SNI also provides supports to companies working in the sustainability sector, linking SMEs with mentors. He says he doesn't plan to be in the job in five years, as he hopes sustainability will be so ingrained in the business community that there will be no need for SNI.
Gene Murtagh, CEO, Kingspan
Insulation and building materials group Kingspan aims to be a global leader in sustainability. Operating in Europe, North America, the Middle East and Australia, the Co Cavan-based firm has been included in the top tier of global companies responding to the challenge of climate change, joining Microsoft, Google and Apple.
Appointed chief executive in 2005 aged just 33, Murtagh has overseen a Kingspan target to operate with a zero net energy impact by 2020. Its insulation materials are among the most efficient available, as the firm strives to reduce the impact of the built environment while making money.
Sean O'Driscoll, Group President, Glen Dimplex
Employing more than 10,000 worldwide, including 470 in Ireland, Glen Dimplex manufactures appliances, cooling and heating equipment and counts Morphy Richards, Dimplex and Xpelair among its brands.
The company has invested heavily in R&D, and is considered a leader in the environmental space. The firm is involved in an EU-funded home energy project called RealValue, where cutting-edge Glen Dimplex electrical storage systems are installed in homes. The project aims to demonstrate how these small-scale systems can benefit the entire electricity supply chain, including reducing home heating bills and storing renewable energy during periods of low demand.
Rosheen McGuckian, CEO, NTR
Renewable energy company NTR is a major player in the wind energy sector, and has constructed and operated 1.75GW of wind projects across the US, UK and Ireland.
Appointed in April 2013, Rosheen McGuckian also chairs the NTR Foundation, which invests in a number of initiatives aimed at helping Ireland move to a low-carbon economy.
It has provided €750,000 in funding to Ireland's centre for marine and renewable energy, MaREI in Cork, which will be used to research how best to meet future energy needs.
It also works with the Cool Planet Experience, Science Gallery, the wind energy centre in Letterkenny Institute of Technology and with Friends of the Earth Ireland.
Catherine Farrell, Ecologist, Bord na Móna
Environmentalists have long argued that the semi-state should stop harvesting peat well before 2030, and Bord na Móna's plan to restore peatlands over the coming years will be crucial to restoring its green credentials.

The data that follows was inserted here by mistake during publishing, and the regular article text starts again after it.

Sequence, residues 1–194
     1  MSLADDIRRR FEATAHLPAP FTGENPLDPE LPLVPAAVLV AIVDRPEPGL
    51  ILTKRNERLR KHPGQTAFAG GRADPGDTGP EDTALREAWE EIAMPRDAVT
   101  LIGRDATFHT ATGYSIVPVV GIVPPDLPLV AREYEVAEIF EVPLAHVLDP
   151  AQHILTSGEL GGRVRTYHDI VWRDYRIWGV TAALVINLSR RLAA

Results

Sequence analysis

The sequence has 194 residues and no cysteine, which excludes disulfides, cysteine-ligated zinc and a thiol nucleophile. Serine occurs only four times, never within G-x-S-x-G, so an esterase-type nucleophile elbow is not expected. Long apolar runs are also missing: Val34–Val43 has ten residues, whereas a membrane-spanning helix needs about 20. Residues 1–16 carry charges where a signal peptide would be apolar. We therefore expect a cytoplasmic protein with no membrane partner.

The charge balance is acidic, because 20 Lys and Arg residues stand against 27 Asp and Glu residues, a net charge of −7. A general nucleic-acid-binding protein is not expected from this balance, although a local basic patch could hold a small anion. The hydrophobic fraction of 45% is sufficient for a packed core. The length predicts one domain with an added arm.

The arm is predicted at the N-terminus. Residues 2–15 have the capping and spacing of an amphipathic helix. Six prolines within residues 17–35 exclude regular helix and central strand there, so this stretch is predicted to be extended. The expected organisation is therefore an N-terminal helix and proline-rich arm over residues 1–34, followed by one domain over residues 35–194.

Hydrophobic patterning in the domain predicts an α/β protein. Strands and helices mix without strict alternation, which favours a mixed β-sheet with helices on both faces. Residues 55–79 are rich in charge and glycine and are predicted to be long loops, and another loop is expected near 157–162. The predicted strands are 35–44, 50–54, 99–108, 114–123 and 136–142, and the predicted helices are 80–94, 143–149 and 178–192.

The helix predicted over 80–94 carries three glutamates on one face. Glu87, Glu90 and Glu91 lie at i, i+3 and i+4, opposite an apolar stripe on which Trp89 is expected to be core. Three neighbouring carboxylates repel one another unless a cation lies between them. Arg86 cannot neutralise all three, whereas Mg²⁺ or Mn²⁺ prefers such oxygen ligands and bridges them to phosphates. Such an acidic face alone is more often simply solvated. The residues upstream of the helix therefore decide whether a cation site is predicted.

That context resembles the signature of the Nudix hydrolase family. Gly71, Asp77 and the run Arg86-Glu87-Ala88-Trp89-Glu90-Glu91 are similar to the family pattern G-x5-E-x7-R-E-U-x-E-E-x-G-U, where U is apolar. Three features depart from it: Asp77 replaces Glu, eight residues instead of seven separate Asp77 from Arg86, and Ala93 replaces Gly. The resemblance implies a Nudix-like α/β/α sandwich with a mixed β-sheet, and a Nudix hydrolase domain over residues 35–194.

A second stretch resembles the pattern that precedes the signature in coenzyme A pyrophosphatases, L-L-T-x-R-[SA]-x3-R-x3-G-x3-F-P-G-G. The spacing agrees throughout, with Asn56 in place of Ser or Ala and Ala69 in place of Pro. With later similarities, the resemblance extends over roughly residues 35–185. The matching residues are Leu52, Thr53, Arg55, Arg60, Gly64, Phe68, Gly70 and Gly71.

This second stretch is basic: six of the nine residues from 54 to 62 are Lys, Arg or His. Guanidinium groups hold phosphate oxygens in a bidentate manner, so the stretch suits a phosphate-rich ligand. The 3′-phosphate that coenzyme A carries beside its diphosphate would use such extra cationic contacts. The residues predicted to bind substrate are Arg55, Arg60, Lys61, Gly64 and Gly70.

Key to that will be Catherine Farrell, an ecologist with the company. She has overseen a project to map and study all bog lands controlled by the firm, and develop measures to rehabilitate them, including creating wetlands and woodlands. These restored areas can capture carbon, reducing the impact of emissions on the environment.
Bord na Móna plans to transform itself as a supplier of wind, solar and biomass energy over the coming years. As one observer notes, if there's anyone in Bord na Móna thinking about climate action, it's her.
Professor John Fitzgerald, Chair, Climate Change Advisory Council
An independent advisory body, the Climate Change Advisory Council is charged with assessing and advising the Government on how Ireland can become a low carbon economy by 2050. It will help shape the National Adaptation Framework (NAF), which sets out how Ireland will cope and adapt to avoid the worst impacts.
Prof Fitzgerald will have to negotiate difficult waters - he has already told the Government that the NAF will have to set out which bodies or departments are responsible for specific actions, and will have to clarify how necessary research is funded. He has also warned against taking the cheapest option to secure a low-carbon future. Interesting times ahead.
Laura Burke, Director General, Environmental Protection Agency
Head of the environmental watchdog since 2011, Ms Burke is also a member of the Climate Change Advisory Council.
The EPA not only monitors and reports greenhouse gas emissions and other environmental indicators to the European Commission and other international bodies, it is also responsible for analysing whether Ireland is on track to meet its targets.
Crucially, its role also includes building capacity to adapt to climate change, and it funds an extensive research programme to help inform and drive policy. The agency also regulates industrial and waste sites and works to reduce their emissions. Its role also includes communicating climate science, and providing expert and independent scientific advice.
Jim Gannon, CEO, Sustainable Energy Authority of Ireland
The SEAI has a clearly defined goal - help increase energy efficiency to reduce bills and imports of fossil fuels, spearhead the development of low carbon energy sources and support innovation.
These are expensive actions and without Government commitment little progress is possible.
The SEAI has overseen a dramatic roll-out of home energy upgrades in recent years, and works with communities, the public sector, SMEs and large energy users to reduce energy consumption.
It has had a dramatic impact in reducing use of fossil fuels, providing training and building capacity. Gannon will have a crucial role to play over the coming years.
Dr Mary Kelly, Chairperson, An Bord Pleanála
The planning appeals board is charged with ensuring that projects ranging from housing schemes to wind farms comply with the principles of sustainable development. Ms Kelly will have to marry the need for homes and infrastructure, while ensuring that developers are not given carte blanche to build wherever they like.